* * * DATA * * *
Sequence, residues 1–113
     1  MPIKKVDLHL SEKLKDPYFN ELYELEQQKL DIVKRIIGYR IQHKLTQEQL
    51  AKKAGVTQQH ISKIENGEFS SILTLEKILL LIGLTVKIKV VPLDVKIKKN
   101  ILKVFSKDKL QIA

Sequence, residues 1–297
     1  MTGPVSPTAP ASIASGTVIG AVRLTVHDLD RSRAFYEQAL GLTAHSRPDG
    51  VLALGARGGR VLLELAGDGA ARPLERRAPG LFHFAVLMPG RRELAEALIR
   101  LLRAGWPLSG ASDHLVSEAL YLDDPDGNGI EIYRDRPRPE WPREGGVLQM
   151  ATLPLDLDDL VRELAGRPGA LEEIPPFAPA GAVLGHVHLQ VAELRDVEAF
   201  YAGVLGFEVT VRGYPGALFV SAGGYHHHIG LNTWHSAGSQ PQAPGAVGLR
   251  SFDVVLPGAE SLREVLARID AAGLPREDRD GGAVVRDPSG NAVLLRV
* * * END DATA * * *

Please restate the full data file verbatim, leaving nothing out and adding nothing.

Sequence, residues 1–113
     1  MPIKKVDLHL SEKLKDPYFN ELYELEQQKL DIVKRIIGYR IQHKLTQEQL
    51  AKKAGVTQQH ISKIENGEFS SILTLEKILL LIGLTVKIKV VPLDVKIKKN
   101  ILKVFSKDKL QIA

Sequence, residues 1–297
     1  MTGPVSPTAP ASIASGTVIG AVRLTVHDLD RSRAFYEQAL GLTAHSRPDG
    51  VLALGARGGR VLLELAGDGA ARPLERRAPG LFHFAVLMPG RRELAEALIR
   101  LLRAGWPLSG ASDHLVSEAL YLDDPDGNGI EIYRDRPRPE WPREGGVLQM
   151  ATLPLDLDDL VRELAGRPGA LEEIPPFAPA GAVLGHVHLQ VAELRDVEAF
   201  YAGVLGFEVT VRGYPGALFV SAGGYHHHIG LNTWHSAGSQ PQAPGAVGLR
   251  SFDVVLPGAE SLREVLARID AAGLPREDRD GGAVVRDPSG NAVLLRV